The “Orient Plan” is ready for public feedback.
The policy report, which was prepared by the Orient Association to complement Southold Town’s comprehensive plan, was sent to Orient residents and landowners last week with votes on the different parts of the plan scheduled this month, said civic president Robert Hanlon.
The plan is not legally binding, Mr. Hanlon noted; the Town won’t be required to adopt any of the nine recommendations.
But Mr. Hanlon said he hopes to use the results of the straw poll to inform Town Board members about what steps local residents overwhelmingly support.
“We think these particular issues that we’re raising need to be addressed specifically with regard to Orient,” he said. “The hamlets aren’t all the same. The issues of commerce in Mattituck are very different than in Orient.”
The so-called Orient Plan features nine different propositions:
• Ban construction work that would result in a house that is “out of scale” with existing housing in the neighborhood.
• Bar changes in scope or use of properties along Main Road in Orient that would increase traffic.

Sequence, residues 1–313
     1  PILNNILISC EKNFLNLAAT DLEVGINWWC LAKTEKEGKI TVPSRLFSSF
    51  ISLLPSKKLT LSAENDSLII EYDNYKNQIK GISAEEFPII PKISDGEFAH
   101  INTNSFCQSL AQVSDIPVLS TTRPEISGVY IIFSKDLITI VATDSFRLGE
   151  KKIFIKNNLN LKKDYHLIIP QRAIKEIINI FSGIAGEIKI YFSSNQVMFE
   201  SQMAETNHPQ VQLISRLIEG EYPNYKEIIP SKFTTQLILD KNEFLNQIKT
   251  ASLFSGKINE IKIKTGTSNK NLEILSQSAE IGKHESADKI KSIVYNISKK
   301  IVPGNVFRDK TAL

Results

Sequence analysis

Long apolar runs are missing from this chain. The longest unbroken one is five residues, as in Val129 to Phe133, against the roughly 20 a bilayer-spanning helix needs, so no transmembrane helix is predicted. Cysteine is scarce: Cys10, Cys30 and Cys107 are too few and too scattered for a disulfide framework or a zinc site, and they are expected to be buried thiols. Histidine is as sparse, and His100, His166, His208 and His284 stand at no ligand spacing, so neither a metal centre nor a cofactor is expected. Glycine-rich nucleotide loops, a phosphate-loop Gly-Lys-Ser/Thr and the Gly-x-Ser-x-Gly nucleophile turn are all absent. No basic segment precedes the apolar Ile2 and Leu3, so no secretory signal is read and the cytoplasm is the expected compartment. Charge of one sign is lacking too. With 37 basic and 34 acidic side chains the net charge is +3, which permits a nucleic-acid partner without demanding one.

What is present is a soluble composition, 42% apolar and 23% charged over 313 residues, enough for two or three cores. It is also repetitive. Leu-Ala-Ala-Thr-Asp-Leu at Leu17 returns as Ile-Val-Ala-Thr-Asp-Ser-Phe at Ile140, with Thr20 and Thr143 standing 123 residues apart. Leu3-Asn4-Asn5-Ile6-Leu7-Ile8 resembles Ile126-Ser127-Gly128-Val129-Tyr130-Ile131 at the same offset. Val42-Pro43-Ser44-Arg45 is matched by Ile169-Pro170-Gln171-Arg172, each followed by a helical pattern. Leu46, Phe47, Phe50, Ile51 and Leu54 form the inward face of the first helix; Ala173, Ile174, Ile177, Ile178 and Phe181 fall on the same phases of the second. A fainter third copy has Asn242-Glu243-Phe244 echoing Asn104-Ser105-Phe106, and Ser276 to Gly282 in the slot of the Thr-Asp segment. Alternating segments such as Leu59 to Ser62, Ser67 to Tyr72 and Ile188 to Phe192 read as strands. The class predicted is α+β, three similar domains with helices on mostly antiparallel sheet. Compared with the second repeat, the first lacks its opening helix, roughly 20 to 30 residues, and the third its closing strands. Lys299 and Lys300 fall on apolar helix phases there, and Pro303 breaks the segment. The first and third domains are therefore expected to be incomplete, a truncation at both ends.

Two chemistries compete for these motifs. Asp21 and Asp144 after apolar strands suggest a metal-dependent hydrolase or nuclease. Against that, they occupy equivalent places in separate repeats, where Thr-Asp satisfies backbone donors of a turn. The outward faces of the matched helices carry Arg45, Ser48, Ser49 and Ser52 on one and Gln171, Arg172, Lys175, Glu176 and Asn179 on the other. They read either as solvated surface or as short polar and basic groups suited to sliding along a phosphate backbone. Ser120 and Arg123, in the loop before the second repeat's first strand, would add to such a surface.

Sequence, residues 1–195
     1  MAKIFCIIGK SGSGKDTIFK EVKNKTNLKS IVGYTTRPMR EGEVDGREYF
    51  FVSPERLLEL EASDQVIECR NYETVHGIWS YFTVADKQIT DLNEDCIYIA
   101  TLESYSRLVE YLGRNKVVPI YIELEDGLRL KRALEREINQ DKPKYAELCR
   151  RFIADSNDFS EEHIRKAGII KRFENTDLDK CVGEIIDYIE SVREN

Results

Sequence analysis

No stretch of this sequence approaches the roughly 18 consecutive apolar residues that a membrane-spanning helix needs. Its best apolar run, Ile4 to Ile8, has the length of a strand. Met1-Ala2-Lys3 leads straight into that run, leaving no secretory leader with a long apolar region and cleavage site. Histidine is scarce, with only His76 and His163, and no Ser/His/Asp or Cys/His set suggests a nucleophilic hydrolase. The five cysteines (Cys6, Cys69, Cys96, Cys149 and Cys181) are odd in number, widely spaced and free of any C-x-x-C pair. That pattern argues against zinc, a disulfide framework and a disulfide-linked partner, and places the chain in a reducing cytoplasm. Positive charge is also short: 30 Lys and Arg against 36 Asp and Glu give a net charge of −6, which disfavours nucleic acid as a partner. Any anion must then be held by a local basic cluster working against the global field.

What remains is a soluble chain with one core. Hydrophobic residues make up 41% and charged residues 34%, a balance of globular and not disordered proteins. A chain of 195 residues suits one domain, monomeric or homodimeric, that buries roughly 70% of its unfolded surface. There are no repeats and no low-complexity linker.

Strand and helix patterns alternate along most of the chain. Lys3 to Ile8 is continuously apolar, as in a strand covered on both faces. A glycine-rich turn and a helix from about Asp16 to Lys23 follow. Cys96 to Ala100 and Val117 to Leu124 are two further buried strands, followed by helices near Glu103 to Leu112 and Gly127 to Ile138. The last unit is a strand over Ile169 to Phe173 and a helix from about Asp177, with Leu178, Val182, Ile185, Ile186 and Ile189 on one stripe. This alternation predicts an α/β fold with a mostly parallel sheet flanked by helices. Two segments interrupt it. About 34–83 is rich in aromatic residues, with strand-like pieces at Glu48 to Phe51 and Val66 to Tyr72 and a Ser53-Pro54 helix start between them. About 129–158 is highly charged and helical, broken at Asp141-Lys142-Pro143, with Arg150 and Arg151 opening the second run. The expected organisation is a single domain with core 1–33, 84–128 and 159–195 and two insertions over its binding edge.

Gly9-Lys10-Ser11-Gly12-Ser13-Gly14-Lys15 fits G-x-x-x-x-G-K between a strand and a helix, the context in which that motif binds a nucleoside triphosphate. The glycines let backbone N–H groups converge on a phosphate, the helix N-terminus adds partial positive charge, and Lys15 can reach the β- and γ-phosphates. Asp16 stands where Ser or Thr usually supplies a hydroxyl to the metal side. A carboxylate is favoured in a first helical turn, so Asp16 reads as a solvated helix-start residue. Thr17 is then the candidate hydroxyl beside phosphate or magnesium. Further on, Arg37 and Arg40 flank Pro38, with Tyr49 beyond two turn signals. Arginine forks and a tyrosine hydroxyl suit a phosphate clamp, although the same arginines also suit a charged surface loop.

• Require that all new construction, substantial renovations or expansions must include an installation of an “enhanced septic system.”
• Development rights purchases must include an agreement to preserve “historic viewsheds” and either continue active farming to dedicate the land for public use.
• Ban fencing around or along Main Road and the Orient causeway.
• Implement a plan to prevent stormwater runoff.
• Establish an Orient Pest Control District.
• Develop a “traffic calming plan” for the areas around Village Lane and the Cross Sound Ferry.
• Ban increasing land use density on the basis of available public water or sewer services.
Although the civic will present all vote tallies to the Town Board for review, it will only ask the Town Board to consider the measures which receive overwhelming community support from residents, Mr. Hanlon said.
“That’s why we’re taking a position that things that have overwhelming support should be enacted now,” he said. Mr. Hanlon hopes the Town Board will adopt the propositions as board policy before enacting them as law, based on samples the civic association plans to draft.
A mailing about the plan and how to vote was sent out Friday to all postal patrons in the hamlet. More than 400 people on the Orient Civic Association’s distribution list who own or rent property in Orient but don’t keep a postal address were also contacted.
Emails were also sent, Mr. Hanlon added, and other civic groups had agreed to share the information around.
“We expect to hit about 1,000 people total,” he said. Meetings to discuss the plan will be held on Oct. 15 and 19, he said.
Caption: Orient Association president Bob Hanlon presenting the Orient Plan in May. (Credit: Jen Nuzzo)